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Building your own PC

 
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A recent question requested advice about building your own PC.

The website style is a little amateurish, perhaps, and some of the discussion of components is certainly getting a bit 'dated', but one of the most comprehensive system building guides I've yet come across is Rob Williams' My Super PC website.

http://www.mysuperpc.com/

In particular, the actual assembly instructions are quite detailed indeed, and the principles underlying PC assembly are pretty consistent no matter what system you're putting together.

http://www.mysuperpc.com/build/pc_parts_list.shtml


Another quite good (and a little more professional looking) guide can be found at TomsHardware

http://www6.tomshardware.com/howto/20020904/index.html
http://www6.tomshardware.com/howto/20020918/index.html

 
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For me I just learn by going to google and typeing how to do ..................

 
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And I learn from mistakes: dropping magnetic screwdrivers on bios chips and having to buy a new motherboard :)

 
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its easy. buy the haynes manual 'building your own computer.' i did and i've built 1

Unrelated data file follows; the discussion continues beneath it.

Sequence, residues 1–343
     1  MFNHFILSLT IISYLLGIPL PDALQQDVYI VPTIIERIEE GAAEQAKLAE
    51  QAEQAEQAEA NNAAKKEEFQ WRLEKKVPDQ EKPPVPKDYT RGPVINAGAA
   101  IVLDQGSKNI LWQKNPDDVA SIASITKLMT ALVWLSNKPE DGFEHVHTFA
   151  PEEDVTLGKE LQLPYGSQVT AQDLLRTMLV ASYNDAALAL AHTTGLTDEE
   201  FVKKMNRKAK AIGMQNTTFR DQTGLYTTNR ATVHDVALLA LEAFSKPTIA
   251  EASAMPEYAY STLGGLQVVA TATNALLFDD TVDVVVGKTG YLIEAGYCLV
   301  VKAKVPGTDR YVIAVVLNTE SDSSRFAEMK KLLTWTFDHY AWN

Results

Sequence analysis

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I talked a lot on IRC with other people who built PCs, they gave me advice on what to buy and what not to buy etc. Having people around to help you can be very helpful because you can ask questions instead of having to put up with the info you have. However, a lot of people's opinions differ, so you will feel a little "pushed around". Still, in all honesty it isn't that hard.

 
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exactly, but its easier once you know what you're doing. im at the end of a PC upgrade and repair course. im looking at building another computer very soon and a friend of mine has asked me if i can help him should he need it. its easy once you know how.

 
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Start small. First upgrade an existing PC with a new videocard, maybe add a harddisk or a CD ROM drive.
The next step could be installing some new RAM.

Soon you'll have all the experience to build a new machine from scratch, and all you need to build up is the courage to take a screwdriver to a motherboard and to plug in a CPU costing hundreds of Euros that looks incredibly fragile :)

 
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half the fun of it is learning what goes where and how it fits in and what it does.

 
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Ive built PC's with out aid of books and internet. Its easy.

 
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i only used the book as a reference once. after that i was well away. easy peasy

 
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Maplins is a good resource for you computer building needs, however it can be expensive. I personaly wouldnt go near PC world.